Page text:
Rainwater Harvesting in U.S.-Mexico Border Colonias: Integrating Alternative Infrastructure in Planning
PublisherThe University of Arizona.
RightsCopyright © is held by the author. Digital access to this material is made possible by the University Libraries, University of Arizona. Further transmission, reproduction or presentation (such as public display or performance) of protected items is prohibited except with permission of the author.
AbstractRapid population growth coupled with inadequate infrastructure has called into question both human health and environmental sustainability in the U.S.-Mexico border region. Of particular concern is the lack of water and wastewater infrastructure in border colonias. Though some progress has been made in improving the situation of certain communities, many continue to live in significantly substandard conditions. This study explores the potential that rainwater harvesting may have for partially filling colonias’ safe water needs. Two objectives motivate the analysis. First, the impact rainwater harvesting might have on residents’ water budgets is measured through a simulation using information from an existing colonia in Arizona. A cost estimate of a rainwater harvesting system in the chosen colonia is also prepared so that economic comparisons with other infrastructure types might be made. Second, interviews with project funding agencies begin to explore why this alternative technology is not more widely used in locations where it appears to be a viable water-obtaining strategy. The research findings indicate that rainwater harvesting can be used to substantially and affordably increase onsite water availability in colonias, and suggests that increased attention be given to this alternative approach in infrastructure planning for especially remote and/or small colonia settlements.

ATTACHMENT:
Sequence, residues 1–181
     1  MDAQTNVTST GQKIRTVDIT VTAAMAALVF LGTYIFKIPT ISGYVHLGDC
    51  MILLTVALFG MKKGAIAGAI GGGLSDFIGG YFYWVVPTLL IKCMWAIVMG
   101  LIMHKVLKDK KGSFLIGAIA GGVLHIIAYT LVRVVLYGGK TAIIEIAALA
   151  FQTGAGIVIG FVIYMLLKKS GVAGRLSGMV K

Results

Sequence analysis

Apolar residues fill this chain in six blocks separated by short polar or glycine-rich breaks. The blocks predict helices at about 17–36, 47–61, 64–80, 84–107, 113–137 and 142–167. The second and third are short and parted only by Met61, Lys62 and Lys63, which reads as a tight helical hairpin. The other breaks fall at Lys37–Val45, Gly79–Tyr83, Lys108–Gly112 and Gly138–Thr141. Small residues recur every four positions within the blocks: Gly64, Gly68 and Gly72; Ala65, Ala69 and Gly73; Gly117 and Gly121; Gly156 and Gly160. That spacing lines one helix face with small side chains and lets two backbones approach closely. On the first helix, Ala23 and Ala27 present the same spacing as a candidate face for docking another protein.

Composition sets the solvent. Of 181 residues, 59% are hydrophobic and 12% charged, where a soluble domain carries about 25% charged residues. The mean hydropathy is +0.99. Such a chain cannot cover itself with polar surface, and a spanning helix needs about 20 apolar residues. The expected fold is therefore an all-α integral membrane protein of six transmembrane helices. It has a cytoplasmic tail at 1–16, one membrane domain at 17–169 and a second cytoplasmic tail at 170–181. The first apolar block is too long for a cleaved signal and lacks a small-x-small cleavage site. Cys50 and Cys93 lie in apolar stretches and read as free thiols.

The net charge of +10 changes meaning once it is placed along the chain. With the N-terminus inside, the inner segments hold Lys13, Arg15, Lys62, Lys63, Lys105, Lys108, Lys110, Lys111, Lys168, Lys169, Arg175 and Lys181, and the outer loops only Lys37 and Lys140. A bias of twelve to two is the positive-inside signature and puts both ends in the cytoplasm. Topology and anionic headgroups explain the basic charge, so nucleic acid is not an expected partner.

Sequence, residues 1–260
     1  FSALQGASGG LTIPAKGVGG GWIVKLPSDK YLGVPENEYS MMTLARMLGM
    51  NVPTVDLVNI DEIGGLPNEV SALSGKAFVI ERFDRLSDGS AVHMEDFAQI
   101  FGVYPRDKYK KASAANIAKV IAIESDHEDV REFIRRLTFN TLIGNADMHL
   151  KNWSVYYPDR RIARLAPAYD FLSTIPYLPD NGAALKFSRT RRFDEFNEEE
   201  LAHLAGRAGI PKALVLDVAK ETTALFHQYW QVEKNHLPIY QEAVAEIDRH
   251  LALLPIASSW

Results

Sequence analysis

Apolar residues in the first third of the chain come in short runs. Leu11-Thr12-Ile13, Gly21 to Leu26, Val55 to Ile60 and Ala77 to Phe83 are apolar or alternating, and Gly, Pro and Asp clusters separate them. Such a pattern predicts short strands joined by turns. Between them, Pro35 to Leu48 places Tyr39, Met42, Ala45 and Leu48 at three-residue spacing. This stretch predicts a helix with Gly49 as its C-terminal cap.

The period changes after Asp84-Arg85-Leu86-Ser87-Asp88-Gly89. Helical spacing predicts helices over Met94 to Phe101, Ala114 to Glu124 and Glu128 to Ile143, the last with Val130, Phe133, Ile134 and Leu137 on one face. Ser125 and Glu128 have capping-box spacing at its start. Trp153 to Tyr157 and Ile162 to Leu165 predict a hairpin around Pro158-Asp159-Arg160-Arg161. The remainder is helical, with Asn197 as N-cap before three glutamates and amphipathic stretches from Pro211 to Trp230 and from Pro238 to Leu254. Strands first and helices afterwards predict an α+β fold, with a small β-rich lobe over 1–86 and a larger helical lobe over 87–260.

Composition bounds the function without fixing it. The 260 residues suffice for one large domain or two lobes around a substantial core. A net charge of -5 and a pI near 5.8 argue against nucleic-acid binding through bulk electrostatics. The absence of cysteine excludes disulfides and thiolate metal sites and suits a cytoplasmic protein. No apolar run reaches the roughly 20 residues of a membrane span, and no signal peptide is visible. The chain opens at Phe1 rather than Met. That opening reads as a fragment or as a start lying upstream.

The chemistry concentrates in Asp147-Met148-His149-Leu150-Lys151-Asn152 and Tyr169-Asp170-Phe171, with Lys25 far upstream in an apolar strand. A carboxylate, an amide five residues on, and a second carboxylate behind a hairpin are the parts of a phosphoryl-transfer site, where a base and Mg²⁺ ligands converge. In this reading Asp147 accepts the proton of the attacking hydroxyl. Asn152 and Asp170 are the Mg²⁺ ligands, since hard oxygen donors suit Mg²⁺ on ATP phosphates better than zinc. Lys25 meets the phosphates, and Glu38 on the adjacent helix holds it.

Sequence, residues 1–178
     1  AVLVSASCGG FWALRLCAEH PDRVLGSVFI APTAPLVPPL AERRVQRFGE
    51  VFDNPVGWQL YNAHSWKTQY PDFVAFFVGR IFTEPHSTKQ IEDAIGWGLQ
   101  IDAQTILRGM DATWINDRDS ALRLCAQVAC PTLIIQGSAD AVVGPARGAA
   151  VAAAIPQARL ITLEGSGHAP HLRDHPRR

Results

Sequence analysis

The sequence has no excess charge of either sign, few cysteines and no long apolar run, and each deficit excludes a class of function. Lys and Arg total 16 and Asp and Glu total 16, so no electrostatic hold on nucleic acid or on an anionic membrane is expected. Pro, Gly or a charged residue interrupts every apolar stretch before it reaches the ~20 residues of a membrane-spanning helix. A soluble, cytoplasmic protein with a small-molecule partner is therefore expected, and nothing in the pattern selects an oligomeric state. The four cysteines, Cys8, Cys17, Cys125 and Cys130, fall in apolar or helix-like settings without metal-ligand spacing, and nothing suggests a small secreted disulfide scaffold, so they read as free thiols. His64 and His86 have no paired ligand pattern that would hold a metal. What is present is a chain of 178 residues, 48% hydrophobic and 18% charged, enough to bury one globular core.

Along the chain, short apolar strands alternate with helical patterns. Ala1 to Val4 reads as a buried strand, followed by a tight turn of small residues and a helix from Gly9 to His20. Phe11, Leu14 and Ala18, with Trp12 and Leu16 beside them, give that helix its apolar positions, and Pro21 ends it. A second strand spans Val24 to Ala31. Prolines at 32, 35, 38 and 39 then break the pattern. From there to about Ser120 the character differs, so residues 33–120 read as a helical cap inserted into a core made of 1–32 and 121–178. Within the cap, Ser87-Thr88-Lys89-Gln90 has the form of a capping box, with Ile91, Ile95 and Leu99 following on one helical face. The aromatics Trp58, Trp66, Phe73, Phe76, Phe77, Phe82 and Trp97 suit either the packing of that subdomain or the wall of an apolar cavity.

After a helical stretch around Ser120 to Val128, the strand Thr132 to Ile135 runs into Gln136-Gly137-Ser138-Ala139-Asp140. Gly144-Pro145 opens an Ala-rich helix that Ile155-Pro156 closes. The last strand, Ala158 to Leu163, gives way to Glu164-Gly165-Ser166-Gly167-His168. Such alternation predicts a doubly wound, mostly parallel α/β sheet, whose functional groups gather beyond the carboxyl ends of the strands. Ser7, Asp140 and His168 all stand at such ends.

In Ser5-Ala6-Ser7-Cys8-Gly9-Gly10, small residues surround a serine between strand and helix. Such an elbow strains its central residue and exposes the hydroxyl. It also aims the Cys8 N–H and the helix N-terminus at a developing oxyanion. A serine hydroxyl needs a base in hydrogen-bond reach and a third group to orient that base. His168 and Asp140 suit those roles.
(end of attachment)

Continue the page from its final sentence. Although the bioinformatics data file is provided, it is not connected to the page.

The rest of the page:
Degree ProgramGraduate College